In 1988, a national project to promote the production of non-staple food and secure the market supply (known informally as the "Food-Basket Project") was proposed by the Ministry of Agriculture and approved by the State Council. The project has been implemented nationwide and remarkable improvements in production, marketing and consumption of non-staple foods have been made. In 1990 the total amounts of meat, eggs, milk and fish produced were 28.57, 7.94, 4.75 and 12.37 million tonnes, respectively. These outputs represent increases of 48,3 percent, 48.6 percent, 64,2 percent and 75,5 percent, respectively, over 1985 production (State Statistics Bureau, 1991). The increases allowed a substantial improvement in the dietary patterns of urban and rural people. The annual per caput supply of meat, eggs and aquatic products was 13 kg higher in 1990 than in 1984 (State Statistics Bureau, 1991).

Since 1987 the government has followed a strategy for agricultural development known as "promoting agriculture by sciences and technology". A large number of scientists have been sent to the countryside to offer technical assistance in the use of advanced methods for production of grain, cotton, edible oil, livestock and fish (He, 1991). The state increased the utilization of chemical fertilizer, agricultural machinery and irrigation, trained agricultural technicians and popularized advanced techniques. It is estimated that 30 to 40 percent of the total increase in agricultural production is attributable to science and technology.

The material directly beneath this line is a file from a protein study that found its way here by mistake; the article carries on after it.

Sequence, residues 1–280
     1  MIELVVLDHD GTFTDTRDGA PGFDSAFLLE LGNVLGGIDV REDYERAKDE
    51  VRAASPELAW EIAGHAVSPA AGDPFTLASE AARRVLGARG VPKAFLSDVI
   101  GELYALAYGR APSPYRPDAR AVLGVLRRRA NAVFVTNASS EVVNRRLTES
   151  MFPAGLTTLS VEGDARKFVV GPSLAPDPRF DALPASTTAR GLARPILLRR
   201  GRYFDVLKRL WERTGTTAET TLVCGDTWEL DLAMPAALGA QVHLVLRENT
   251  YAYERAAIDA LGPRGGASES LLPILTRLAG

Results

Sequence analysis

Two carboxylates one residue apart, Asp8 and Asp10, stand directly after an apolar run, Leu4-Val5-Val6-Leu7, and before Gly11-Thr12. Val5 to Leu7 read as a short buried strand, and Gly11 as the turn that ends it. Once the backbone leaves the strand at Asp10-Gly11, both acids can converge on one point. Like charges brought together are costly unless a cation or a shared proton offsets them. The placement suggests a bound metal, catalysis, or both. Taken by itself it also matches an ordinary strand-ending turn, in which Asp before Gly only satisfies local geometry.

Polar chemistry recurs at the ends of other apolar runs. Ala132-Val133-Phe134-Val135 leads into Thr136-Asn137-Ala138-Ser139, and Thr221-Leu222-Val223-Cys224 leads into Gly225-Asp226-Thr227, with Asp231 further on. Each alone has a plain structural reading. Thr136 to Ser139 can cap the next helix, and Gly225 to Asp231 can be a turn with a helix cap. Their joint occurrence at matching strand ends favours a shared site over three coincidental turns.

Policy on food marketing and distribution

In the early period of New China3 the level of grain production was very low, and resolving the problem of increases in demand and shortages in supply became the great challenge for the government. To solve the problem of supplying grain, especially to poor people, a state monopoly for purchasing and marketing grain was implemented nationally by the end of 1953, replacing free trade of grain and oil. The peasants' surplus grain was purchased by the government at a fixed price and then sold to urban residents and grain-deficient rural households at a low price. From 1953 to 1957 the grain purchased by the government from the peasants accounted for 26.96 percent of the total grain yield; of this, more than 90 percent was provided to urban and grain-deficient rural households (Editorial Committee of Today's China series, 1988b). The policy of state monopoly for purchasing and marketing grain helped the Chinese people to survive serious natural disasters in the early 1960s.

3 New China refers to China after 1949.

In 1990, the State Council set up a national specific grain reserve to improve the system gradually at the national, provincial, municipal and autonomous-region levels. All the farmers' surplus grain (that remaining after the contracted purchase) that is not absorbed by the market is purchased. A protective minimum price is established for the benefit of the peasants (People's Daily, 1991). A leading group is responsible for the overall planning and managing of national specific grain reserve matters, and the Bureau of the Grain Reserve was initiated for national grain management. This system allows the state to purchase grain through the specific reserve as well as contracting and solves the peasants' problem of selling surplus grain after a bumper harvest (People's Dally, 1991). Because of this specific grain reserve, the supply of staples was basically guaranteed for areas of China that were flooded in 1991.